Show Menu

Jones: Principal Teachings Cheat Sheet (DRAFT) by [deleted]

This is a draft cheat sheet. It is a work in progress and is not finished yet.


1. Approx­imately 95% of all student misbeh­avior

Approx­imately 95 percent of all student misbeh­avior consists of talking to neighbors and being out of one's seat, as well as generally goofing off, such as daydre­aming and making noise. But it is this behavior that most often disrupts teaching and learning. On the average, teachers in typical classrooms lose approx­imately 50 percent of their teaching time because students are off-task or otherwise disrupting learning. This amounts to massive time wasting

2. Most teaching time that is otherwise lost

Most teaching time that is otherwise lost can be recouped when teachers use Say, See, Do Teaching, provide efficient help to students, use effective body language, and use incentive systems. These are the hallmarks of good behavior manage­ment. Say, See, Do Teaching is an instru­ctional method that calls for frequent student response to teacher input. It keeps students actively alert and involved in the lesson.

3. Efficient arrang­ement of the classroom

Efficient arrang­ement of the classroom improves the likelihood of successful teaching and learning. This includes seating arrang­ements that permit the teacher to "work the crowd" as they supervise student work and provide help. Proper use of body language is one of the most effective discipline skills available to teachers. Body language includes eye contact, physical proximity, body carriage, facial expres­sions, and gestures.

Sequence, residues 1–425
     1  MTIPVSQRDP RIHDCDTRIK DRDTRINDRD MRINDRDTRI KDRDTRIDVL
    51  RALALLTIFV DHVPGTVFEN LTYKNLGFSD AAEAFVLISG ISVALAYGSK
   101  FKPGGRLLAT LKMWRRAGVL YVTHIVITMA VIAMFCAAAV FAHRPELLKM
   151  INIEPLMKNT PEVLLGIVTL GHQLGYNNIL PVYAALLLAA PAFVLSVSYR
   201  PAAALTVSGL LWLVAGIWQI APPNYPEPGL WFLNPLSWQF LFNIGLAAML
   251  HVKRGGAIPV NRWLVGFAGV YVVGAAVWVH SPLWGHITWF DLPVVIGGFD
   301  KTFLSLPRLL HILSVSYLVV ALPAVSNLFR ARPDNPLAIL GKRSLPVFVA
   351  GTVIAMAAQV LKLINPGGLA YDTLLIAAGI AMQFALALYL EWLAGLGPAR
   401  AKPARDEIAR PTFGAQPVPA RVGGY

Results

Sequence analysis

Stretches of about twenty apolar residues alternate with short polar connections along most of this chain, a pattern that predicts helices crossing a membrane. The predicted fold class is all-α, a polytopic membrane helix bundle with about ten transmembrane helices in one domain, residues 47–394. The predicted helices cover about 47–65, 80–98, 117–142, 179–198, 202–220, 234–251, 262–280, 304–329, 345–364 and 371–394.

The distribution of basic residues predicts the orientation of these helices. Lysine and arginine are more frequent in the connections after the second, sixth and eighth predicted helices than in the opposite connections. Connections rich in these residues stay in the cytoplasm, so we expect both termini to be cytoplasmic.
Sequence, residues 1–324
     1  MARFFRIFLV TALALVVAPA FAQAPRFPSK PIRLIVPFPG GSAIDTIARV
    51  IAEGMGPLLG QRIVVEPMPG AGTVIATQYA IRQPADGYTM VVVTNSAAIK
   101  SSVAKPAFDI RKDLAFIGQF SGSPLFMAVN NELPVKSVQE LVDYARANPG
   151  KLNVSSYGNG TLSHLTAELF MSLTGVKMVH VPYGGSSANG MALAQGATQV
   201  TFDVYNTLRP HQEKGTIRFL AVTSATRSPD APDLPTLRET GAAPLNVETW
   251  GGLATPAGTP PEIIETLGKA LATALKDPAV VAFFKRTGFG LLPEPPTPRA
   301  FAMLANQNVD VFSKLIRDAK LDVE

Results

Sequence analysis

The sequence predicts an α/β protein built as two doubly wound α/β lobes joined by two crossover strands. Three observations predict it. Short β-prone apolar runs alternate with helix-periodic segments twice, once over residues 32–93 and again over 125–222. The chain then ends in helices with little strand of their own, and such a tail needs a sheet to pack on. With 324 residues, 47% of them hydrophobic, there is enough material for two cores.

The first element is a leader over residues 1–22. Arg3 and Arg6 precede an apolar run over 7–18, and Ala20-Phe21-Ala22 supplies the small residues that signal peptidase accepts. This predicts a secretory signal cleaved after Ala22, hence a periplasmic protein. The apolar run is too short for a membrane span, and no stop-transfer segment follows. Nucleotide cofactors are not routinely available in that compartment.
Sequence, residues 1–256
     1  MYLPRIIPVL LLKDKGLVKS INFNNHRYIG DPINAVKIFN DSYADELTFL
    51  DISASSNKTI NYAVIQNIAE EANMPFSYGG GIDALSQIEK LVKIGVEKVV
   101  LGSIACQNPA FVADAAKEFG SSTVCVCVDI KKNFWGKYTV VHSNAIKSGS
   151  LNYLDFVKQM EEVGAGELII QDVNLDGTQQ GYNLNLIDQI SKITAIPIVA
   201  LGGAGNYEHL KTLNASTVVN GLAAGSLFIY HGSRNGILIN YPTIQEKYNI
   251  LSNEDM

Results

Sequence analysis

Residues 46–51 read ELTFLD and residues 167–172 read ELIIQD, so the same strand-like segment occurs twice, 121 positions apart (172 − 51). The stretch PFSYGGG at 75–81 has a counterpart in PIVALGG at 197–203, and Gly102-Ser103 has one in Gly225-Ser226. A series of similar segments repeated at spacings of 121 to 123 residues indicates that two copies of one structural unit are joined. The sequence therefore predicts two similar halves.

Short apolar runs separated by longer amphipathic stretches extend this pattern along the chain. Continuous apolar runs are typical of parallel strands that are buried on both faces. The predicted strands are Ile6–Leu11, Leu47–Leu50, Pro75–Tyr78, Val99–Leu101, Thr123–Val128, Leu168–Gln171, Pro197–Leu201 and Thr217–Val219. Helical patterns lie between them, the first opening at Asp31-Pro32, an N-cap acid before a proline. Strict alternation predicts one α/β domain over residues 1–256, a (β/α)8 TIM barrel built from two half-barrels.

4. Teachers set limits on student behavior

Teachers set limits on student behavior not so much through rules as through subtle interp­ersonal skills. These are the skills that convey that teachers mean business. Students will work hard and behave well when given incentives to do so. These incentives are teachers' promises that students will receive, in return for proper behavior, rewards in the form of favorite activities that can be learned by all members of the group for the enjoyment of all members of the group.

5. To be effective, an incentive must be ...

To be effective, an incentive must be attractive to the entire group and be available equally to all. Incentives that are available only to certain members of the class will affect only the behavior of those few indivi­duals and leave the class as a whole little changed. Students must learn to do their work without the teacher hovering over them. Jones calls students' reliance on teacher presence "­hel­pless handra­isi­ng."­

6. He devised a method of providing help

He devised a method of providing help very effici­ently to students who call for teacher assistance during indepe­ndent work. Jones says to “ be positive, be brief and be gone." The goal of discipline is for students to assume respon­sib­ility for their actions. All aspects of learning are improved when students do so.